The renewed drive for the UK to become the launch capital of Europe is also in the most unusual position. And this mystifies us slightly because the USA completely embraced SpaceX, Blue Origin and even Rocket Lab. Washington knows full well that the emergence of a new private space sector would shave millions (if not billions) off their space budget, the UK government are coming across as quite indifferent and slightly even bemused by the emergence of a private space sector that is about to do what the government has failed to do for decades.

Understanding priorities

Now, this could be a matter of not having the expertise at the heart of government or within its civil service. Remember, the former government minister for Science – from 2020-2021 – came from a supermarket background. Or it could be that they are torn between supporting the very same companies that have ruled the roost for decades. After all, these new upstarts doing stuff the government don’t understand (but really, really want to).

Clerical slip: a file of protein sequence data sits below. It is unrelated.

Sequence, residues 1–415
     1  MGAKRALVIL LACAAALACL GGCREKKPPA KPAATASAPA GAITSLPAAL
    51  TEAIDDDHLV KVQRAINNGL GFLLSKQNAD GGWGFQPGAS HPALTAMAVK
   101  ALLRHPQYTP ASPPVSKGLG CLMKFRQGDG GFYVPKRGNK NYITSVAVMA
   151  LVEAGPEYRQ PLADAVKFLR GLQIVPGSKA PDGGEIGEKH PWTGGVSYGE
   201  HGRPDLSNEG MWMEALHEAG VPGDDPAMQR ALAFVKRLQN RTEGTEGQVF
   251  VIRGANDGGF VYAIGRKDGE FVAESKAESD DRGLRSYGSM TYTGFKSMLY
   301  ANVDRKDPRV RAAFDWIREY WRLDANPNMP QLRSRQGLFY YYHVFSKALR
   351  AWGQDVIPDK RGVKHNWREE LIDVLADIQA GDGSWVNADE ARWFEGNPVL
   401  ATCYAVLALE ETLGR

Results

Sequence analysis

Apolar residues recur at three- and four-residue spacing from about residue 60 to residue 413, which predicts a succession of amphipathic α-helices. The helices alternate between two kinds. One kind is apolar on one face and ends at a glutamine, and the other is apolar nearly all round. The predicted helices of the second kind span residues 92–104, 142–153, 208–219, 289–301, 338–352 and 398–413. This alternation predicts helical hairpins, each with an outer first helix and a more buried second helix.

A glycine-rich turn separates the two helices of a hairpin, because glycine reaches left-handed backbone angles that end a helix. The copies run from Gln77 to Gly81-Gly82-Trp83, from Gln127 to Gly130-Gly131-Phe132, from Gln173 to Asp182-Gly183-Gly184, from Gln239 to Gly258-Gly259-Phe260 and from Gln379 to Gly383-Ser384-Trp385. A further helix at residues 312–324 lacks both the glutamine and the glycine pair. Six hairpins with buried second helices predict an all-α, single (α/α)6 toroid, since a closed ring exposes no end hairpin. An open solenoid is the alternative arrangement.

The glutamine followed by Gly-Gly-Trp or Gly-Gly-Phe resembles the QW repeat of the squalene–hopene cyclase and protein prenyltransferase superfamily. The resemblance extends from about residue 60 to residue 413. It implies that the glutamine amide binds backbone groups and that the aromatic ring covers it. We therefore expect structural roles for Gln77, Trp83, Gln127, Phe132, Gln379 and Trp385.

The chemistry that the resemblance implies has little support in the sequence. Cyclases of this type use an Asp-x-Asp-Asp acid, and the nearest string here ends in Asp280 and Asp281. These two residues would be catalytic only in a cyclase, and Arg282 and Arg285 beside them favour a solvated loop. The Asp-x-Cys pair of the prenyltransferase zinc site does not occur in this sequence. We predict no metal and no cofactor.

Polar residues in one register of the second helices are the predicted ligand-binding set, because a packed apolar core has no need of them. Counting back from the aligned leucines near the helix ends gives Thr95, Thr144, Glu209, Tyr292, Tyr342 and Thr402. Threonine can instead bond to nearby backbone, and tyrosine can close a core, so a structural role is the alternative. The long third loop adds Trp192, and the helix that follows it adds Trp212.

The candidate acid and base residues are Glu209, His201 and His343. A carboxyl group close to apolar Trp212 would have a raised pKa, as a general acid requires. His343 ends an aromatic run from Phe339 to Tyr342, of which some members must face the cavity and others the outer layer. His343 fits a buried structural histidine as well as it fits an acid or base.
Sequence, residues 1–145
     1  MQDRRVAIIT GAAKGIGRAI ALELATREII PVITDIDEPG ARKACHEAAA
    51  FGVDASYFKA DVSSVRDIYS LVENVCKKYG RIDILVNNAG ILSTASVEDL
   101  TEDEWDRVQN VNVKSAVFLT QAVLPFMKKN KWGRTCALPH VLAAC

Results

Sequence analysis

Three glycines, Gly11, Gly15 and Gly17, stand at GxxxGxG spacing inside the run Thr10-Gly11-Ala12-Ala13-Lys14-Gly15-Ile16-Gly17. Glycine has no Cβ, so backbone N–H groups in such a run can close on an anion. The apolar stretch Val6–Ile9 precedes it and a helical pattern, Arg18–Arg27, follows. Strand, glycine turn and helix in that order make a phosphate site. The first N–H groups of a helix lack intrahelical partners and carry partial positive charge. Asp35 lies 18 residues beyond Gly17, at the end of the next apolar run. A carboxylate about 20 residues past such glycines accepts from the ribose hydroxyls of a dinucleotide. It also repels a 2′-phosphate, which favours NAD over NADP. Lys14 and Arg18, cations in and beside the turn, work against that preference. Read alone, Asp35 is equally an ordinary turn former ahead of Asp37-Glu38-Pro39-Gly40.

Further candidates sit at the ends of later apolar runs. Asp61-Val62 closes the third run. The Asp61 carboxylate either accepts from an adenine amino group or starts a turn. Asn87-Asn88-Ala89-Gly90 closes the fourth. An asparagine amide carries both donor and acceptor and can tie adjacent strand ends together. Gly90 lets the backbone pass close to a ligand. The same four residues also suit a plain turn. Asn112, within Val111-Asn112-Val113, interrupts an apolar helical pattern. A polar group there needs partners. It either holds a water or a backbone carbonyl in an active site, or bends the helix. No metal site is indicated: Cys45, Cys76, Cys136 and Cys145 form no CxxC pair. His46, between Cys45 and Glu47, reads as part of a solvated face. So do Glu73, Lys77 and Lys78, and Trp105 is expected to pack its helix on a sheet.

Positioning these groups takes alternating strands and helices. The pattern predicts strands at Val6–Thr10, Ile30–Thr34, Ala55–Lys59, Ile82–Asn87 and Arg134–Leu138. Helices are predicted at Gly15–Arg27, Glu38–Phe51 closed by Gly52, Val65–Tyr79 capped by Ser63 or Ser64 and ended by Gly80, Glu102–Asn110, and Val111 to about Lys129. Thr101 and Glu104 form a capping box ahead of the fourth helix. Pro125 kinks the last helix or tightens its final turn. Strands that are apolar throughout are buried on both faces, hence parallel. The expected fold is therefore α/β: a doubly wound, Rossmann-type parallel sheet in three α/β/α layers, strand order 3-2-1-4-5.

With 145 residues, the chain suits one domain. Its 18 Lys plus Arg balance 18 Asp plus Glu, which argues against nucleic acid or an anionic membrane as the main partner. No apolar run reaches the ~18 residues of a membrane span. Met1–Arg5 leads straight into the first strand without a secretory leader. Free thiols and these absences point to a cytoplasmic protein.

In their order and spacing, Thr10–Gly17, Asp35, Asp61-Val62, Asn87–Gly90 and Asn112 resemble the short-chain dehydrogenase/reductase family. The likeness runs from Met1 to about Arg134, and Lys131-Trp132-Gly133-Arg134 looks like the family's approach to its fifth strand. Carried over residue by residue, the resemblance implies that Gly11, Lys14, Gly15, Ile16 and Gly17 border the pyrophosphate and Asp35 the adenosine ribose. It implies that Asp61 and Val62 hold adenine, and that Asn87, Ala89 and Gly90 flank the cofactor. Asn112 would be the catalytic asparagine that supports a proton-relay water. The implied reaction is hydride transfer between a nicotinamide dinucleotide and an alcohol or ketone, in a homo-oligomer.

It’s actually evident in how the UK Space Agency (likely under direction from government/government advisors) allocated grant funding when they originally announced their renewed space ambitions, as to how they perceived the direction they would like to see things going… or how they thought things would go. The bulk of the funding they announced in 2018 for their exciting new plans was given to US giant Lockheed Martin. The grant included with a fairly vague remit on what the company is expected to do with the funds. In fact, the company have since moved their plans to another launch port. This move occurred despite the grant being specifically tied to Sutherland Spaceport. Lockheed Martin also do not have any rocket manufacturing facilities in the UK. They do, however, have a strategic investment in a US-based rocket manufacturer. And yet that tranche of grants included an almost token gesture of £5.5m to actual rocket manufacturer, Orbital Express Launch Ltd.